The success of that paper brought CAPTCHA to the mainstream. They now lurk in nearly every corner of the online world and in more forms than I can taxonomize here. Because of that ubiquity, CAPTCHAs have acquired a reputation: annoying. They are an added step to anyone’s online mission, an obstacle in a fast and increasingly fiber optic environment. There is also a sinister element to their operation. In 2009, Google bought reCAPTCHA — a software program developed by one of the Carnegie Mellon scientists that coined its namesake, which repurposed the algorithm to help digitize scanned documents. With reCAPTCHA, the fuzzy PDF of an old page could be converted to a searchable text file, one user authentication at a time. Google acquired it to help transcribe their archive of old books. They have since applied it to other visual projects. These days, identifying bridges by CAPTCHA is basically intelligence gathering for Google’s self-driving cars.
In spite of these obvious and brazen flaws, I have always found CAPTCHA charming. There is something anachronistically amateur about them, both in form and in function. As aesthetic objects, they are unambiguously ugly: clunky, lo-def, redolent of a Usenet forum or Mike Pence’s old personal website written in Comic Sans. In our climate of Apple-imposed techno-minimalism, CAPTCHA remains a relic of the internet’s primitive past. That quaint impression is aided by the fact that, as a tool for identifying bots, CAPTCHA is equally unsure of its own utility. Why would Google need our input if they knew which boxes had bridges? It seems they often don’t. As my colleague, art director Jack Koloskus, recently pointed out, users can easily subvert the reCAPTCHA request. So long as you identify most of the objects accurately, the system will approve your entry. Anyone can add an unsolicited bus and throw a minor wrench in Google’s data-collection cogs. It’s a trivial rebellion, but for the moment, I will take it.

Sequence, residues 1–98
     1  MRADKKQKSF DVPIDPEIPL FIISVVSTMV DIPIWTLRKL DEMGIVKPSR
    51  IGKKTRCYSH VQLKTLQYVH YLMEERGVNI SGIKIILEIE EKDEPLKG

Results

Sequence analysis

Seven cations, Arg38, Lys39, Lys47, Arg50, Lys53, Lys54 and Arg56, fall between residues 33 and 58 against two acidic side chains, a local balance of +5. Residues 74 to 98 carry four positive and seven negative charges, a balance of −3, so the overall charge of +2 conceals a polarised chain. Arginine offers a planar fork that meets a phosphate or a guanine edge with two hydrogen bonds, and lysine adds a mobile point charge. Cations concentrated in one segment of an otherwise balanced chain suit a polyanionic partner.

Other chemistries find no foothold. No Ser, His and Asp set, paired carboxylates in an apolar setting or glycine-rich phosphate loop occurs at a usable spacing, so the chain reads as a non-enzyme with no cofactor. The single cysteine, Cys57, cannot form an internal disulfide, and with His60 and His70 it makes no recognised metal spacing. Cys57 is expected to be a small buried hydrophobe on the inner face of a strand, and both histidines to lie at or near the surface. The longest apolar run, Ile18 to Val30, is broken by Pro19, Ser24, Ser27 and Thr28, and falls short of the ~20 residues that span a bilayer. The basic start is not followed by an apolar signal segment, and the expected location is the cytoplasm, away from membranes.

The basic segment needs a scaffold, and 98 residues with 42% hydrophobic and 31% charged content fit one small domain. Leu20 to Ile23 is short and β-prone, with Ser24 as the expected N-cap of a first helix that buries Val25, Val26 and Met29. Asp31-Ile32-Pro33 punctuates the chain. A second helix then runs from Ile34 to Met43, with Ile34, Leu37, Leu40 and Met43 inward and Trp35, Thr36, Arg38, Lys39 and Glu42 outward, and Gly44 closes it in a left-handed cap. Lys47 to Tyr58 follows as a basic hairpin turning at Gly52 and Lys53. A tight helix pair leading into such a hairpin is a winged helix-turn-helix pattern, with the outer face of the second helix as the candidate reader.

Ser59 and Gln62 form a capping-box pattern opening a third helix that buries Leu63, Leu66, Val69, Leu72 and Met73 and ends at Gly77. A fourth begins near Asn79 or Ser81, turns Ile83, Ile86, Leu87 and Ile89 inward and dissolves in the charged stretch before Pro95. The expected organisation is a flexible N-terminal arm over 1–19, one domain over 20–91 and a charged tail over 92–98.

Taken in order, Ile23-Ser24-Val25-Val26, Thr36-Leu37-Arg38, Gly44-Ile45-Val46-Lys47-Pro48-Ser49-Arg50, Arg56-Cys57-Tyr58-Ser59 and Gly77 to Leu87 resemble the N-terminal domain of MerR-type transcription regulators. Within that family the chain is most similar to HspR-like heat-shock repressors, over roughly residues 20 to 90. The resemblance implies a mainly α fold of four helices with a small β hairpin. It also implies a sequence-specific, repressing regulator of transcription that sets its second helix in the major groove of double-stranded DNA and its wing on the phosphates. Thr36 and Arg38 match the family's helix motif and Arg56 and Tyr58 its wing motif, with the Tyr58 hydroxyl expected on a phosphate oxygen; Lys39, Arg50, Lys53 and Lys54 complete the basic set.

The thing I love most about CAPTCHA, however, is how hard they can be. The algorithms have largely succeeded in developing puzzles too serious for spam. But in so doing, they have somewhat overlooked the human element. I know this on an anecdotal level. In navigating the internet, I am often confronted with the fact that I am too stupid to prove my own humanity. But research suggests I am not alone here. A study from Stanford, titled “How Good are Humans at Solving CAPTCHAs? A Large Scale Evaluation,” surveyed data from over 318,000 CAPTCHAs, and found that they were “are often difficult for humans, with audio captchas being particularly problematic.” In a sample of three people for example, they found the subjects agreed on the correct answer just 71 percent of the time. That number sank to 31 percent for audio CAPTCHAs. Perhaps obviously: accuracy declined among non-English speakers, younger respondents, faster respondents, and those without Phds. We may not be robots, but we’re less advanced than we think.
In that sense, CAPTCHA is a tidy allegory of American government: annoying, ugly, ineffectual, predatory, nostalgic, a daily confrontation with our own idiocy. Of course it’s dying out.